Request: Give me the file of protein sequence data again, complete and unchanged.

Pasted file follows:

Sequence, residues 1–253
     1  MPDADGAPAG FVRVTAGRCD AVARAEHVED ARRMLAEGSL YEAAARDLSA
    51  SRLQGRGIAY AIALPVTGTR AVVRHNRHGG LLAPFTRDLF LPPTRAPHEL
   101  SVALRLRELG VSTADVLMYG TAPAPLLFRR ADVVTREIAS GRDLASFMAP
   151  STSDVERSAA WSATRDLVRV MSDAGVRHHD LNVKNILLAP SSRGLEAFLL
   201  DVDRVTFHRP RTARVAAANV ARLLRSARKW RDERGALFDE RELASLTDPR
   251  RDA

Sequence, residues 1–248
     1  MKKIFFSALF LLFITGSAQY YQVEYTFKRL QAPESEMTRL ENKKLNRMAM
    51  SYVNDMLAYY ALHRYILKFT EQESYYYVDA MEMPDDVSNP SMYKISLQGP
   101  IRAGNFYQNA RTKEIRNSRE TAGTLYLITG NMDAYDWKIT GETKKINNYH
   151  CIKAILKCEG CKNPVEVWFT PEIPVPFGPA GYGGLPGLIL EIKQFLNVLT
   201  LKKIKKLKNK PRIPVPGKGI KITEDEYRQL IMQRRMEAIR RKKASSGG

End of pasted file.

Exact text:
Sequence, residues 1–253
     1  MPDADGAPAG FVRVTAGRCD AVARAEHVED ARRMLAEGSL YEAAARDLSA
    51  SRLQGRGIAY AIALPVTGTR AVVRHNRHGG LLAPFTRDLF LPPTRAPHEL
   101  SVALRLRELG VSTADVLMYG TAPAPLLFRR ADVVTREIAS GRDLASFMAP
   151  STSDVERSAA WSATRDLVRV MSDAGVRHHD LNVKNILLAP SSRGLEAFLL
   201  DVDRVTFHRP RTARVAAANV ARLLRSARKW RDERGALFDE RELASLTDPR
   251  RDA

Sequence, residues 1–248
     1  MKKIFFSALF LLFITGSAQY YQVEYTFKRL QAPESEMTRL ENKKLNRMAM
    51  SYVNDMLAYY ALHRYILKFT EQESYYYVDA MEMPDDVSNP SMYKISLQGP
   101  IRAGNFYQNA RTKEIRNSRE TAGTLYLITG NMDAYDWKIT GETKKINNYH
   151  CIKAILKCEG CKNPVEVWFT PEIPVPFGPA GYGGLPGLIL EIKQFLNVLT
   201  LKKIKKLKNK PRIPVPGKGI KITEDEYRQL IMQRRMEAIR RKKASSGG